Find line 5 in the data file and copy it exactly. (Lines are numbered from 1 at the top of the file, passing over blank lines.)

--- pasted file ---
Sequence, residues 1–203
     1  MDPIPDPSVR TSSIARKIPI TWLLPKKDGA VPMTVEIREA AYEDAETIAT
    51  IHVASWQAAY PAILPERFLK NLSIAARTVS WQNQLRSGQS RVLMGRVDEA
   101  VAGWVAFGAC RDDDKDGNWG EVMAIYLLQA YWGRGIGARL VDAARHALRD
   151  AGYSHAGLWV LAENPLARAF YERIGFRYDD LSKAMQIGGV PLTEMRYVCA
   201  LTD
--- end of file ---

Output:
   151  AGYSHAGLWV LAENPLARAF YERIGFRYDD LSKAMQIGGV PLTEMRYVCA